however, did he give an ordered account of the versions at his command or discuss the relation of the elements—a regrettable omission. The contributions of Liebrecht, though less extensive, were of the same sort. In his article published in 1868 he said that he thought The Grateful Dead to be of European origin, but he added nothing to our knowledge of the essential form of the story. The following decade saw the publication by Sepp of a rather brief account of the motive, which was chiefly remarkable for its summary of classical and pre-classical references concerning the duty of burial. Like Stephens he assumed that the release of a maiden from the possession of demons was an essential part of the tale. In 1886 Cosquin brought the discussion one step further by showing that the theme is sometimes found in combination with The Golden Bird and The Water of Life. He did not, however, attempt to define the original form of the story nor to trace its development.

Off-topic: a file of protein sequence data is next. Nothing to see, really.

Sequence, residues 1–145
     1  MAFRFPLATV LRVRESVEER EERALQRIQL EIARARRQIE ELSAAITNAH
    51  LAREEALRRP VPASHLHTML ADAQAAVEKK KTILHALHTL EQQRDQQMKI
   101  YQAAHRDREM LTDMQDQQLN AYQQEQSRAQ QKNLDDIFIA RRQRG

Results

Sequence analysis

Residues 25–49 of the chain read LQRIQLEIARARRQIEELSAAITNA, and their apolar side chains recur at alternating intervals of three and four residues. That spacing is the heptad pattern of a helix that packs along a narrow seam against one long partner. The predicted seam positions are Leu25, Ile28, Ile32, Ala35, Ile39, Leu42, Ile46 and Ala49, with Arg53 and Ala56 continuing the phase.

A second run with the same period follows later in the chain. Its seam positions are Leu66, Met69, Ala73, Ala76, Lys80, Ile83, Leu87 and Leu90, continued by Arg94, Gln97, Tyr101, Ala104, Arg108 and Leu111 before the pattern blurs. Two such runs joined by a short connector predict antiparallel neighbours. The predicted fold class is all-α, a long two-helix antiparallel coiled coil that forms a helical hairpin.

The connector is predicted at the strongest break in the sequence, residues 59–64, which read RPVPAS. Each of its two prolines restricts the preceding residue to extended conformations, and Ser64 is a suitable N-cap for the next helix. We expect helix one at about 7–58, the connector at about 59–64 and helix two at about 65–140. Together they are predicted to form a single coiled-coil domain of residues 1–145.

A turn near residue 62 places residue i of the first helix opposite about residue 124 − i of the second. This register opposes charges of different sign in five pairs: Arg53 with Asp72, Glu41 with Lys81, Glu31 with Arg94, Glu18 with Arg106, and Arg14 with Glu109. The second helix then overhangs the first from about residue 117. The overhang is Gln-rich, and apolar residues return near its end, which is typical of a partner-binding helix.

By all odds the most adequate treatment that The Grateful Dead has yet received is found in Hippe's monograph, Untersuchungen zu der mittelenglischen Romanze von Sir Amadas, which appeared in 1888. Not only did he gather together practically all the variants mentioned previous to that time and add some few new ones, but he studied the theme with such interpretative insight that anyone going over the same field would be tempted to offer an apology for what may seem superfluous labour. Such a follower, and all followers, must gratefully acknowledge their indebtedness to his labours.